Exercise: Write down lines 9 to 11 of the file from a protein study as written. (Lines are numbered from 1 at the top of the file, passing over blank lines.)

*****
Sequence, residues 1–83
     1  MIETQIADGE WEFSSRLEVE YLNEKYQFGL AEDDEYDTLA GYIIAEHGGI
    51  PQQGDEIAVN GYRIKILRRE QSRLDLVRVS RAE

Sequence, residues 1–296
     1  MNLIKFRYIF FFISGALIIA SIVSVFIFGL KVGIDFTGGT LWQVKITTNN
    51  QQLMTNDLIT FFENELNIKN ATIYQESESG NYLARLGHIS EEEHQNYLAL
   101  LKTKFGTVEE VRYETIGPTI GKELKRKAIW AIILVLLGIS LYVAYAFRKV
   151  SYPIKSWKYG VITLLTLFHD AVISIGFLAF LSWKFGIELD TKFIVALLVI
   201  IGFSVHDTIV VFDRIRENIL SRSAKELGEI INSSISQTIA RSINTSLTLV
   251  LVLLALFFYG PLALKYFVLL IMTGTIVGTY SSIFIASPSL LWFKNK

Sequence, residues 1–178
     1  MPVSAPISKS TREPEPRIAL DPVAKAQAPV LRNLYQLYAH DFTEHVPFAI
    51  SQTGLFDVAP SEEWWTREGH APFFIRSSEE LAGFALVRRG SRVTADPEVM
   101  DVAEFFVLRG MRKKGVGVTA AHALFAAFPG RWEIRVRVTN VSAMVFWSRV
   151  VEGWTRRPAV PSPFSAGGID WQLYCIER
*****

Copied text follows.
   201  IGFSVHDTIV VFDRIRENIL SRSAKELGEI INSSISQTIA RSINTSLTLV
   251  LVLLALFFYG PLALKYFVLL IMTGTIVGTY SSIFIASPSL LWFKNK

Sequence, residues 1–178